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Refit to be Tried

Helping to get a classic yacht back to Bristol shape is a job worth doing.

August 4, 2008
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Ever look at your boat and think: She deserves better? Time and wear and tear have taken their toll, and preventive maintenance just isn’t cutting it any more. You need to do a full restoration or refit.

Whether you want to do a complete refit or just refurbish one part of your boat, the proper approach to the project is remarkably similar. We thought the best way to show how it’s done was to follow a refit from start to finish.

Fortunately, a project presented itself when Jock West, a marine publishing and marketing veteran, suggested that Yachting be the exclusive media partner in the restoration of Showtime, a 63-foot 1969 Trumpy. West wanted to provide an exciting alternative for clients, such as Interlux paint and Awlgrip, to show their products in use.

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“Paint in a can is very boring,” West explained. “Doing it on a cool boat like Showtime is not.”

Yachting is observing and documenting the refit every step of the way. The staff will also get use of the vessel to explore editorial opportunities, including the East Coast boat show circuit. Expert marine photographer Billy Black will preserve the visual record.

Planning the Refit

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Once West made the decision to embark on this project, he needed to get the right project manager to lay out a plan and make sure everything followed it. Every screw, wire, valve, bulkhead, beam, corner piece, and fitting-and the order with which they are dealt-would be his responsibility. So West enlisted the services of Steve Anderson, president of J&J Marine in Somerset, Massachusetts.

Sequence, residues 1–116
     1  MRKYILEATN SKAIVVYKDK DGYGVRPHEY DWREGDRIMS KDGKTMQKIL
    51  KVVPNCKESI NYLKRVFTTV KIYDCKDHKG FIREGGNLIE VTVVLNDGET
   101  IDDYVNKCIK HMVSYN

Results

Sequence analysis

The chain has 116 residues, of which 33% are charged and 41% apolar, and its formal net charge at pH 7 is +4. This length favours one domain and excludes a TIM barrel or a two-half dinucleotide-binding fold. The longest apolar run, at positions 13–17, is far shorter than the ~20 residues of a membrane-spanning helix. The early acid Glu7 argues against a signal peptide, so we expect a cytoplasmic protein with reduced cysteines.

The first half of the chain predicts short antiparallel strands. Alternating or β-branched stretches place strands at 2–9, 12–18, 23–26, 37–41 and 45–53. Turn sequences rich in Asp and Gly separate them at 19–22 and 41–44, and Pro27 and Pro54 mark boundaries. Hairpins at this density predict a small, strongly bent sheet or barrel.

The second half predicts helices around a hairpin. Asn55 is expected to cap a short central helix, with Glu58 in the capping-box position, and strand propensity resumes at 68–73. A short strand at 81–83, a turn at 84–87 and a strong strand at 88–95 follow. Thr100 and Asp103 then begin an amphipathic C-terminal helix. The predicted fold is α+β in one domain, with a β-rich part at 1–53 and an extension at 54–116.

“For us, there was no other choice,” said West. “Steve and his crew are at the top of the list and given our out-of-water schedule-six weeks-I knew that she would be ready.” Anderson is a personable man with an encyclopedic knowledge of boat repair and refit.

“When we agreed to take this on months ago, the first thing we did was jump in the car in the middle of the winter and drive up to Syracuse, New York, where the boat was being kept,” said Anderson. “That day gave us the right perspective to plan the six-week work schedule. She was well cared for over the years and by the time we got back to the yard, I knew how we were going to approach the project.”

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Given the unusual time constraints, Anderson decided to involve teams of specialists, including cabinetmakers, electricians, shipwrights, painters, and sanders and finishers, who would descend on the yacht en masse the day after she was hauled.

The project manager met with West numerous times over four months and together they developed the work list. Anderson’s meticulous research helped him decide whom he would tap to do each part of the project. West had also brought a wish list to the table and it wasn’t long before they had decided on the bids and personnel.

“Getting the work list together so we could gauge how much this was going to cost was one of the key steps in the process,” Anderson said. “Getting it right at the beginning would mean success at the end.”

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I was there when Anderson met with master carpenter Kevin Coristine, who would be handling the galley makeover, and Steve Smith, Awlgrip’s key accounts vice president. Projects like this one generate a certain passion in those involved, and they had shown up to see how the haul was going and to discuss their roles.